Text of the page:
The Rosemont Elementary School upper campus. Photo by Danny Fulgencio

Enrollment is growing in every school that Dallas ISD has suggested demolishing in Oak Cliff’s District 7.

At Rosemont Elementary, where a proposed facilities plan calls for tearing down the 1922 “upper campus” on Rosemont Avenue, more than 200 new students started this year, including 130 who weren’t early-childhood or pre-k. DISD wants to demolish the old school and populate the 2004 Chris V. Semos “lower campus” with grades pre-k through 8.

Rosemont parents called the expensive plan to tear down neighborhood elementary schools and replace them with centralized “mega” elementary schools “clearly a poorly devised plan” that was produced by an outside consultant without a lick of community input.

The original list of schools to demolish include Rosemont, Hogg, Reagan and L.K. Hall, among others in Oak Cliff. But after contacting the school board, some parents at those schools heard back that their school had been removed from the demolish list.

“There’s supposed to be a new list coming,” District 7 DISD Trustee Audrey Pinkerton told parents in a meeting Wednesday night.

The original list was based on age and cost of upkeep, among other factors. But it’s noticeable that most of the to-demolish schools are south of Interstate 30.


This proposed facilities plan lacks any traffic study to see how cars will affect the mega schools’ neighborhoods. At Rosemont’s lower campus, a two-lane roadway already becomes choked with cars every school morning and afternoon.

“If I had to guess, I’d say it’s charter-school envy,” Pinkerton said Wednesday. “We’re beside ourselves” trying to compete.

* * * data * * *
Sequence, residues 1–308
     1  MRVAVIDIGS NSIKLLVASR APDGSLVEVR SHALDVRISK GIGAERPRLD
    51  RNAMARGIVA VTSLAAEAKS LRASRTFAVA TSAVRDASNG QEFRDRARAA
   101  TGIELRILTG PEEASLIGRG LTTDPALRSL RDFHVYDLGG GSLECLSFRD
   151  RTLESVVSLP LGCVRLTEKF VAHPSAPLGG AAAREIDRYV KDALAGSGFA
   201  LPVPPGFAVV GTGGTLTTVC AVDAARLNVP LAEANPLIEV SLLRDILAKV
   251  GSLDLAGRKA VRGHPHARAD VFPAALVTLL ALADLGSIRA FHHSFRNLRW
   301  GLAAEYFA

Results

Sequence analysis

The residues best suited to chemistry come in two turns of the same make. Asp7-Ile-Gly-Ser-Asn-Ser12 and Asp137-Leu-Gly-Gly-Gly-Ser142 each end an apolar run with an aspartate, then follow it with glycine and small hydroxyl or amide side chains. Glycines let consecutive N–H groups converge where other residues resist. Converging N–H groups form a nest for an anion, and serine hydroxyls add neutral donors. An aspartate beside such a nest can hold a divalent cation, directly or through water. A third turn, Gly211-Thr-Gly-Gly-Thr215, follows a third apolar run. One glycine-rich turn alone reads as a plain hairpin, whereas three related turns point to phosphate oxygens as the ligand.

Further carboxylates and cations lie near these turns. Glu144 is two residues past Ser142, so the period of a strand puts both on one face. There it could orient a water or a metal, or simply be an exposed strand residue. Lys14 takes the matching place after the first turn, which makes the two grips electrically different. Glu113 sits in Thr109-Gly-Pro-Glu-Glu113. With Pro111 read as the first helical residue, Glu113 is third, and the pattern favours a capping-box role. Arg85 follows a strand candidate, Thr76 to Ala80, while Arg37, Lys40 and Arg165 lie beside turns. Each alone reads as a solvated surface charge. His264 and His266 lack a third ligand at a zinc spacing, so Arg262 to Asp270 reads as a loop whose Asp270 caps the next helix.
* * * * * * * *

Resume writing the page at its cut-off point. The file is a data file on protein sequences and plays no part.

In the past few decades, enrollment dropped from 180,000 students to about 157,000. As the Texas Legislature continues to cut education spending, public charter schools continue expanding and poaching would-be DISD students. Enrollment is on a slow downward trend.

But DISD recently invested $125 million in choice schools, including at some of the schools now listed to demolish in this proposal.

Besides that, this facilities plan is not even cheap, Pinkerton says.

“This is the expensive option,” she says.

Tearing down old schools and building new ones would cost $394 million more than to bring all of the schools across the district to a minimum standard. All to save about $2.3 million a year in future maintenance costs.

Pinkerton, who has a background in the construction business, puts it this way:

Imagine someone selling you solar panels that would save $2,300 a year on your electricity bills. But installing the new panels will cost $39,000 up front. Would you take that deal?

Here’s how to give your answer:

Sign up to speak at the Nov. 15 or Dec. 13 DISD Board of Trustees meetings by calling 972.925.3720 by 5 p.m. the previous day. Find email addresses for every DISD trustee here.